Where Monsterpunk's XP system diverges from most other games is that it places less emphasis on killing other characters. While combat, and the decision to abstain from it, are central parts of the Monsterpunk experience, the game must have a means to reward players who pursue any play style. Therefore, I attached XP to nearly every system in the game I could think of, from flirting with other monsters, to growing your own food, to pooping in toilets.
|Every time the player gains XP, their progress bar briefly flashes alongside the amount of points earned.|
I was reluctant to thoughtlessly fall back on a classic set of game mechanics that most designers and players take for granted. While conventional design ultimately served as a solution to Monsterpunk's core problems, it was only through a blind rejection of convention that I was able to better understand its merits.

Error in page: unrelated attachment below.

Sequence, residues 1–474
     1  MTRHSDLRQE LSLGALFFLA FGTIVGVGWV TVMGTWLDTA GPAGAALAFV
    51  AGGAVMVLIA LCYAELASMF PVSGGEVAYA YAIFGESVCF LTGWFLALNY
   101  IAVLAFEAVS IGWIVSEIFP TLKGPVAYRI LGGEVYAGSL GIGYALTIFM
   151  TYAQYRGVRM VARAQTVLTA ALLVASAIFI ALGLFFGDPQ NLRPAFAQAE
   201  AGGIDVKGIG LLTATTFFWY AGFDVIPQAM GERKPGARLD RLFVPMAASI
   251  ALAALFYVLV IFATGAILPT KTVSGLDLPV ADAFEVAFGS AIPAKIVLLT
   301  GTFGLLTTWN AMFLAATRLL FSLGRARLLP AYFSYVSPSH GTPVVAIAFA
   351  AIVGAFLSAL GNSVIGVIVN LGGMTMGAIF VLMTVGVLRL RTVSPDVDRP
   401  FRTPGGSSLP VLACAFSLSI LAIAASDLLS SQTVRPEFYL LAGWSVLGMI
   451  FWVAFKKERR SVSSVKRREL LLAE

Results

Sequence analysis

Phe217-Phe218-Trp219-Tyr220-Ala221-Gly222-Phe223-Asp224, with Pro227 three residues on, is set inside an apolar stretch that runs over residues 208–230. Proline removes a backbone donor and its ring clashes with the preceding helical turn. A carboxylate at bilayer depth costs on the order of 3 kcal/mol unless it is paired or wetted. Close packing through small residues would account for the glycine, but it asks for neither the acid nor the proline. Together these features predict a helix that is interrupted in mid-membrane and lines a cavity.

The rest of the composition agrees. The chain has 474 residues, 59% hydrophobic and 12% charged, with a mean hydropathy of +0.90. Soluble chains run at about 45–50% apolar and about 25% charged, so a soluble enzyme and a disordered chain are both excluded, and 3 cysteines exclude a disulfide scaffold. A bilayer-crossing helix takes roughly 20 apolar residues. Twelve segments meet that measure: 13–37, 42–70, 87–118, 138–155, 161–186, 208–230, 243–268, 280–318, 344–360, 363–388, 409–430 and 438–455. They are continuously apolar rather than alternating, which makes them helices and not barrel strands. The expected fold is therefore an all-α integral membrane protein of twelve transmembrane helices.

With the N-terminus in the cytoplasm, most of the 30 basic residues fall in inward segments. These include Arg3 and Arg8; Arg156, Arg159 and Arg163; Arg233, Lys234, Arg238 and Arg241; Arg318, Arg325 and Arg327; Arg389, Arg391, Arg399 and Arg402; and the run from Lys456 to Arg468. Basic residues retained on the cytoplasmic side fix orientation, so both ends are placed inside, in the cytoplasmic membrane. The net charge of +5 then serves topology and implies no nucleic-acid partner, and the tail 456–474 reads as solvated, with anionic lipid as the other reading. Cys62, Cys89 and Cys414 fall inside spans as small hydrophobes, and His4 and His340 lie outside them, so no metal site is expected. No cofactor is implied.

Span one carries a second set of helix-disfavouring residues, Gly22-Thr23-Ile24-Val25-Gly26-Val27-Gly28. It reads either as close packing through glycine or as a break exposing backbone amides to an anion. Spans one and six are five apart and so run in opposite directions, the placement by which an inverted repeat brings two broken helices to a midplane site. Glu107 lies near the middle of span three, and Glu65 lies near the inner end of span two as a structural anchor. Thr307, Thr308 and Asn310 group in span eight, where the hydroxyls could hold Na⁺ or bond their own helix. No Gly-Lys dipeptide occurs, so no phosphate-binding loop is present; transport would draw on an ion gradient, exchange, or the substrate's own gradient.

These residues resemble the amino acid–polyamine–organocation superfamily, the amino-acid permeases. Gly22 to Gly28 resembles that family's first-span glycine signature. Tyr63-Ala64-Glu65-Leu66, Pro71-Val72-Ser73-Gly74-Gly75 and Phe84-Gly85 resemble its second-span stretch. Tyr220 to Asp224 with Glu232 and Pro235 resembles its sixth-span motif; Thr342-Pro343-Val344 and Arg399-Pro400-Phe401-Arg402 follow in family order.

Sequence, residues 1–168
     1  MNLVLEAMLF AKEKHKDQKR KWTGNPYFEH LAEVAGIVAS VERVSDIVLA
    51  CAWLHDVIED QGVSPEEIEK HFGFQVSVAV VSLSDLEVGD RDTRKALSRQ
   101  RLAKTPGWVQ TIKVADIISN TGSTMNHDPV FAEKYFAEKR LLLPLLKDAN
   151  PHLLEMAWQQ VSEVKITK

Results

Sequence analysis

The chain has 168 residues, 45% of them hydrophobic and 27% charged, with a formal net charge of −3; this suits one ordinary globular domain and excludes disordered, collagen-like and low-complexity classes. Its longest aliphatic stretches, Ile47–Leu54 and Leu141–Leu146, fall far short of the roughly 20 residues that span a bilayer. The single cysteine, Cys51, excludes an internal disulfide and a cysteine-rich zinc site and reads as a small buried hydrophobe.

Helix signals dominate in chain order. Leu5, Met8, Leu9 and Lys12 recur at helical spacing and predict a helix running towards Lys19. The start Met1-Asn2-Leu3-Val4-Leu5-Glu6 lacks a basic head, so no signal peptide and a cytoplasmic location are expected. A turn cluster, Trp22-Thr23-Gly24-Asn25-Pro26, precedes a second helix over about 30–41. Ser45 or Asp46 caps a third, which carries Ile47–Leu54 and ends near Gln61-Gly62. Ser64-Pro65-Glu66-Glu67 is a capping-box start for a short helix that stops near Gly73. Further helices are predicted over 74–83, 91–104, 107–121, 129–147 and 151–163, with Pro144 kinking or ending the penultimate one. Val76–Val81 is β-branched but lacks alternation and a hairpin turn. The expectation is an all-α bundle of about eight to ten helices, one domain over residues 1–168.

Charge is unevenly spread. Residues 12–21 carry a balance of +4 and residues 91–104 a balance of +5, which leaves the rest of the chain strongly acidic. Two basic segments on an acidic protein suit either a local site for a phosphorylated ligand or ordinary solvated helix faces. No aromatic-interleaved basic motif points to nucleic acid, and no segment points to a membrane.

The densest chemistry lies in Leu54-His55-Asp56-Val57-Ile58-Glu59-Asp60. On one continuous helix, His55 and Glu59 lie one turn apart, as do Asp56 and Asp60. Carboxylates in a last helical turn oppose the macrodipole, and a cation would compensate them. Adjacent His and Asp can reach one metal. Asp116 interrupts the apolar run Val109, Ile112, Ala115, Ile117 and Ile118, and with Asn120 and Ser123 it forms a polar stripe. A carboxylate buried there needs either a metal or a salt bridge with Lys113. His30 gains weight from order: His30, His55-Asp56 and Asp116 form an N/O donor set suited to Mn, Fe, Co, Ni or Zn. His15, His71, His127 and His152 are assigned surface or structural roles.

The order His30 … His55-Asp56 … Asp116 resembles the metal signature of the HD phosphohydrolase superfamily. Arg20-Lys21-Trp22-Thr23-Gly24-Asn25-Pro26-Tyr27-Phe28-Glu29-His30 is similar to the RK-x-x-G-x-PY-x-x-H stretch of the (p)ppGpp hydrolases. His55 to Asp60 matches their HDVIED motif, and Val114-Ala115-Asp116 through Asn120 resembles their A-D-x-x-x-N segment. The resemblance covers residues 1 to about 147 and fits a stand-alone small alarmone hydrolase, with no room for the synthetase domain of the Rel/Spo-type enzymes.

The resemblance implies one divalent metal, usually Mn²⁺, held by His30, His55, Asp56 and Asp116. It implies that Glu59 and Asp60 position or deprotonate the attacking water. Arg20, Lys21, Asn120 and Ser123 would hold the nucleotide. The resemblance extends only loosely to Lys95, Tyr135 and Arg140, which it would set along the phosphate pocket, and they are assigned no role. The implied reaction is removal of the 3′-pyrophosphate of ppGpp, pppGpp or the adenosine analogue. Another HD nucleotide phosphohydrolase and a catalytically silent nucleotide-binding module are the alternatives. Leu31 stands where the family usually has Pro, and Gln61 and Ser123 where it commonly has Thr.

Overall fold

I booted the game back up, played through it, and was amazed by how much my game had transformed. All of the tedium and downtime once plaguing the game was gone, and just as well, everything I achieved as a player felt a little more substantial, and every interaction that lead to an achievement felt more enjoyable.
Wait! It gets better!
Monsterpunk's new XP system proved to be a gift that kept giving in unexpected ways. Adding inherent rewards to most player behavior allows me to trim superfluous features from the game that have become obsolete. The best example of this is the game's reputation system.